Wednesday, July 03, 2013

Vernacular - a poem from a sermon. Sort of.

The opening two lines of this poem appeared unbidden in my mind as I was listening to the sermon in Holy Trinity last Sunday. Hugh, this is for you!


Abraham, Abraham - gonnae no?
Gonnae no dae that?
Is that how you might hear the God
these days, the moment that you’re poised 
to do whatever horrid thing seems suddenly 
a pressing need - the familiar
cadence of a homely voice? No
thundering winds, no wildfire roar
but unmistakably addressing you
with some urgency - no chance of
misunderstanding that.
You drop the knife right there, son,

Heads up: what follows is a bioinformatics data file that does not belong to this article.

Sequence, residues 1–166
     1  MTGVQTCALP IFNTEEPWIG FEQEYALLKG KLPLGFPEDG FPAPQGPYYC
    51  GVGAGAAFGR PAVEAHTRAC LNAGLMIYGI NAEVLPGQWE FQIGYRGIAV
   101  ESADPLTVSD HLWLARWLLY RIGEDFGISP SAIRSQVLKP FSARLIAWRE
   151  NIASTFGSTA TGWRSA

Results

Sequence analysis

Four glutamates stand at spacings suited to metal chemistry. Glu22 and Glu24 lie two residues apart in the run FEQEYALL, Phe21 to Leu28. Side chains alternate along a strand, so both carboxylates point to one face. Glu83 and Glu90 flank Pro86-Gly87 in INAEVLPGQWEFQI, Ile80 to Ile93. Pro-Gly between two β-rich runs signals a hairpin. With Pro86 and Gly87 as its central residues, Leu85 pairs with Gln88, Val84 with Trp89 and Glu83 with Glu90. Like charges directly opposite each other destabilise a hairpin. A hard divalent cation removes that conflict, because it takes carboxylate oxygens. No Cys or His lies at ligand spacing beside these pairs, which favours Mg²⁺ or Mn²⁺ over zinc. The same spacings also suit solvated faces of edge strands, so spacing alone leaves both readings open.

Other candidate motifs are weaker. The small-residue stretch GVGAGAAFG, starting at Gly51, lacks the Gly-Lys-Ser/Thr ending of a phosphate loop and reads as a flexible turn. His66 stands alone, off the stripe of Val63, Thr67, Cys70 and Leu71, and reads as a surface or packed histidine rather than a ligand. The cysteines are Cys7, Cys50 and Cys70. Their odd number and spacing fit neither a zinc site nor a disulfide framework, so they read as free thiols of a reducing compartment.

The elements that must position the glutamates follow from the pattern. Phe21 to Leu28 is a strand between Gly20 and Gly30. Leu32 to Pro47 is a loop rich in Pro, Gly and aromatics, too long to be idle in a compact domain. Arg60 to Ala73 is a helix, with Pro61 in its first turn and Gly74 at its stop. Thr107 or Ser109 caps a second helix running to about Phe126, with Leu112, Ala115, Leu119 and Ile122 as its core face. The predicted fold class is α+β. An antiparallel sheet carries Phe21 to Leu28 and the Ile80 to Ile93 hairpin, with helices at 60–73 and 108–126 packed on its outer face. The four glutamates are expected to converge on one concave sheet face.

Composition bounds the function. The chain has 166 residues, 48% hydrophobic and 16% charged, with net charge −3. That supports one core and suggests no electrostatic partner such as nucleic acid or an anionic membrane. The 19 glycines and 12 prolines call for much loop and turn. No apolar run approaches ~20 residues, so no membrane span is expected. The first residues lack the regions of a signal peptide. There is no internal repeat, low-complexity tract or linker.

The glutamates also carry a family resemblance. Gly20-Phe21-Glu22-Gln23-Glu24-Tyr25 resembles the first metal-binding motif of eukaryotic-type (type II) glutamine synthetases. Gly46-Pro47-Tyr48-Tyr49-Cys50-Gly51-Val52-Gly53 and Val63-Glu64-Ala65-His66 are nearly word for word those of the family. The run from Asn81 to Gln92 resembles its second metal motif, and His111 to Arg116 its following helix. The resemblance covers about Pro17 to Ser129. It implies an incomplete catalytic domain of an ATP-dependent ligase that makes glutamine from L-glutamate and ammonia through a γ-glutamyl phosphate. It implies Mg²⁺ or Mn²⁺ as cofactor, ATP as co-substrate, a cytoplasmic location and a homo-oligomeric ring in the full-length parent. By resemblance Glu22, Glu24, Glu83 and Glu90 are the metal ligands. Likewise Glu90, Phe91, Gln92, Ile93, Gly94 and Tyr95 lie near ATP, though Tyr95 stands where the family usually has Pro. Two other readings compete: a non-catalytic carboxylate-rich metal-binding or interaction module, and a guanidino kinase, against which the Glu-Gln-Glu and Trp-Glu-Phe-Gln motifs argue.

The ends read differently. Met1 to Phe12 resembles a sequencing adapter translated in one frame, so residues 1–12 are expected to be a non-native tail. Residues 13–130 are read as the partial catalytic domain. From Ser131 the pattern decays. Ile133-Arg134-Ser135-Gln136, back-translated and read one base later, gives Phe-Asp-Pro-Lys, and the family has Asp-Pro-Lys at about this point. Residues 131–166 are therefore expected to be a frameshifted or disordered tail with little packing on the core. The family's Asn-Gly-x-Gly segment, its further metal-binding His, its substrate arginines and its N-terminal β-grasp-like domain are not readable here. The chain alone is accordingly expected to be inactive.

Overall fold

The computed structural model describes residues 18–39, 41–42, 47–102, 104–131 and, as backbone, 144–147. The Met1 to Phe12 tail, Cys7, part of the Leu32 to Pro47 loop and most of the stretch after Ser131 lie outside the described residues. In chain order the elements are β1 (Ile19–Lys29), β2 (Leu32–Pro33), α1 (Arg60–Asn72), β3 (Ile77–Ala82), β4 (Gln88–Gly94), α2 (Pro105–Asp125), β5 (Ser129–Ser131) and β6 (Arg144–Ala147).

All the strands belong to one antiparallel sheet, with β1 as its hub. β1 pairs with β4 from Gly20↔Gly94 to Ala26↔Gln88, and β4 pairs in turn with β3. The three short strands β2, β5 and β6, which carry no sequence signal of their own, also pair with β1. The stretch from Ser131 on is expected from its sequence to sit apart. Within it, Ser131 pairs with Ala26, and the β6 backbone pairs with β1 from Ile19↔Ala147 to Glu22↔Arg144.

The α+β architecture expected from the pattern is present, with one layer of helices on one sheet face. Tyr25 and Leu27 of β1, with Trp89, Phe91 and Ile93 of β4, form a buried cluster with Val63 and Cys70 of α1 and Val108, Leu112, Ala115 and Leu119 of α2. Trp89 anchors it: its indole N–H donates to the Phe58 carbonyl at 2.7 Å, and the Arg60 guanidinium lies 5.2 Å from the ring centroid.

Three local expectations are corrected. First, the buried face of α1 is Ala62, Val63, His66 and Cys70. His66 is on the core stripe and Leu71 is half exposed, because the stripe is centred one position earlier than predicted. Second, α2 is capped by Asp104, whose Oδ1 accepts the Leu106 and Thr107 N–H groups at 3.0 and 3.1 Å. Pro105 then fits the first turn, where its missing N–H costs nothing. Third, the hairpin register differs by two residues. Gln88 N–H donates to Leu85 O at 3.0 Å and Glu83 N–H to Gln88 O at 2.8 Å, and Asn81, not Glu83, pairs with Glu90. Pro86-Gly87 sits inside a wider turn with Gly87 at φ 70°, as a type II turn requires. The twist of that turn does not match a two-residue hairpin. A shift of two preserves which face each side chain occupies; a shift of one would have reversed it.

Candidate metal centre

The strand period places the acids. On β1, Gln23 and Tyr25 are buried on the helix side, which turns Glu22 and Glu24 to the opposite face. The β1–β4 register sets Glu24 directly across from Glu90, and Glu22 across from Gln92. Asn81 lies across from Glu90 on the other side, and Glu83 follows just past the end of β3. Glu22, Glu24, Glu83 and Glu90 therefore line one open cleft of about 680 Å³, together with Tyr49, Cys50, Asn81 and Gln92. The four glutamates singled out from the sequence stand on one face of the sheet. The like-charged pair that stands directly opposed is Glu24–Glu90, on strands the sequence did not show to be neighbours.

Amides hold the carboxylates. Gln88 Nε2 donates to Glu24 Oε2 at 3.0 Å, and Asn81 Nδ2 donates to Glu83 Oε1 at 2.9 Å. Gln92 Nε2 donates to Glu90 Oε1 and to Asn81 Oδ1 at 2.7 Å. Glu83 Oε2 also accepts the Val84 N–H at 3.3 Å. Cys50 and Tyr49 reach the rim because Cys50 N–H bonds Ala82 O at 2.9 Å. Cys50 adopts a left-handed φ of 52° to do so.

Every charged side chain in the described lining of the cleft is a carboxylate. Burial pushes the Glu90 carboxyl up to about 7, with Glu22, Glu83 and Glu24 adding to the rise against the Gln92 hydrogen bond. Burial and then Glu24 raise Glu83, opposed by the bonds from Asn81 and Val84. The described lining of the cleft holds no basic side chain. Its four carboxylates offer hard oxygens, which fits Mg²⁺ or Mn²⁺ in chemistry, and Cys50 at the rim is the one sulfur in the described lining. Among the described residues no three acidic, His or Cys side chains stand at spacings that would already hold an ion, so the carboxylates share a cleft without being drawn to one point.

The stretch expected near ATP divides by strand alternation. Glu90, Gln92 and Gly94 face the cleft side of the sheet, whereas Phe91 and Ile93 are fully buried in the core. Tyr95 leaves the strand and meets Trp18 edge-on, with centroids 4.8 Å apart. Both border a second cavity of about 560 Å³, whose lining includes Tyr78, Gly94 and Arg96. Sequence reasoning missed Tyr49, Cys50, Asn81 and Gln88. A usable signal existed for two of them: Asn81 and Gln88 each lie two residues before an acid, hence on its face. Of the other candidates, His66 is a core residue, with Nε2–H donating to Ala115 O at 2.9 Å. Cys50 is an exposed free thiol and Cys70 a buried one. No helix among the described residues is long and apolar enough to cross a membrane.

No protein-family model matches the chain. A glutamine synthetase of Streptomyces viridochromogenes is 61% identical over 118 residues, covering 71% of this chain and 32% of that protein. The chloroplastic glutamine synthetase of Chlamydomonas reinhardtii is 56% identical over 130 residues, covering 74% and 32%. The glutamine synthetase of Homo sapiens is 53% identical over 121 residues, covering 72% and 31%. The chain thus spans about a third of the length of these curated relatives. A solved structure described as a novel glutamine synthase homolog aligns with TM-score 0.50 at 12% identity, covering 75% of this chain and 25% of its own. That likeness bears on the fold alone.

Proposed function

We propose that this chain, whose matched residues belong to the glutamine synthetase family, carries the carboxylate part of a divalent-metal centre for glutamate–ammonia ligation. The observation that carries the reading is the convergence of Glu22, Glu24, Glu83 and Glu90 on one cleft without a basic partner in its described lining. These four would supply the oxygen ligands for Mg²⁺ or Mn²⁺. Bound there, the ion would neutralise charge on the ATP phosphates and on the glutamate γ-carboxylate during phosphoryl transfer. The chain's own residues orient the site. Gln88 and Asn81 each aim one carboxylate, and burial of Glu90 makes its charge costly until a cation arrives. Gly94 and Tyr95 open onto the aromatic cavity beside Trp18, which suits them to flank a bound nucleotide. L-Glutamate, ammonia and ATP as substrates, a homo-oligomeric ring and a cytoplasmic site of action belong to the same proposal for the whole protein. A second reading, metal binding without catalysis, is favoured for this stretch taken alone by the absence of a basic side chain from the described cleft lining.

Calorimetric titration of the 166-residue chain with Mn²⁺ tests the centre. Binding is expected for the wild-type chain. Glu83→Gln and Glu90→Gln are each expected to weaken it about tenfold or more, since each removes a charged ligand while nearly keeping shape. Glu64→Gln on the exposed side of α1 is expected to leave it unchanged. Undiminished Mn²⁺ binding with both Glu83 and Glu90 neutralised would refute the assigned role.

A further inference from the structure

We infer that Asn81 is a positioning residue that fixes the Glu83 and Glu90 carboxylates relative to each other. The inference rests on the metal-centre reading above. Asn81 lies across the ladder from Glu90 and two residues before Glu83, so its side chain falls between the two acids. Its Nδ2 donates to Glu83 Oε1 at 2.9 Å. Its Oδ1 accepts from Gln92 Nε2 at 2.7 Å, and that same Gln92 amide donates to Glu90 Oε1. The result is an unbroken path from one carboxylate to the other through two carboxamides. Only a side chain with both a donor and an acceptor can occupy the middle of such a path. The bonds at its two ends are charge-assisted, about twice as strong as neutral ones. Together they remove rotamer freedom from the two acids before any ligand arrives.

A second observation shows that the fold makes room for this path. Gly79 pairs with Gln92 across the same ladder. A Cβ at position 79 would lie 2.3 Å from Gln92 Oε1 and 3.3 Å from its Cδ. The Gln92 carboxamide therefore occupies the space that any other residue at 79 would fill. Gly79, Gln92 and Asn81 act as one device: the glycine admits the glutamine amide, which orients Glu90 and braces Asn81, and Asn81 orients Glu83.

and your boy lives.
How was it in the dark of night
when the Temple slept and the voice 
whispered through the echoing space
where the lamps flickered 
and the boy woke and heard
his name - Hey, Sam, Sam, 
gonnae waken up? 
And Elijah under his solitary bush?
Son, ye cannae sleep - Elijah 
eat your tea and get your strength and
get tae where ye’re gaun.
Are we bereft because we listen 
for the voice in perfect prose
preferably with a touch of
sixteen hundreds charm
and then we miss the total
urgency of what we need 
to hear, to heed, to know?
And so the cosmic words go on
in Babel tones among the crowd:
Écoute-moi - escucha -
 hören - ascoltare! The voice persists, 
the voice of  friend, of stranger
in a bar, a chance 
meeting by the way. So, all of yous
gonnae listen the noo?

©C.M.M. 06/13

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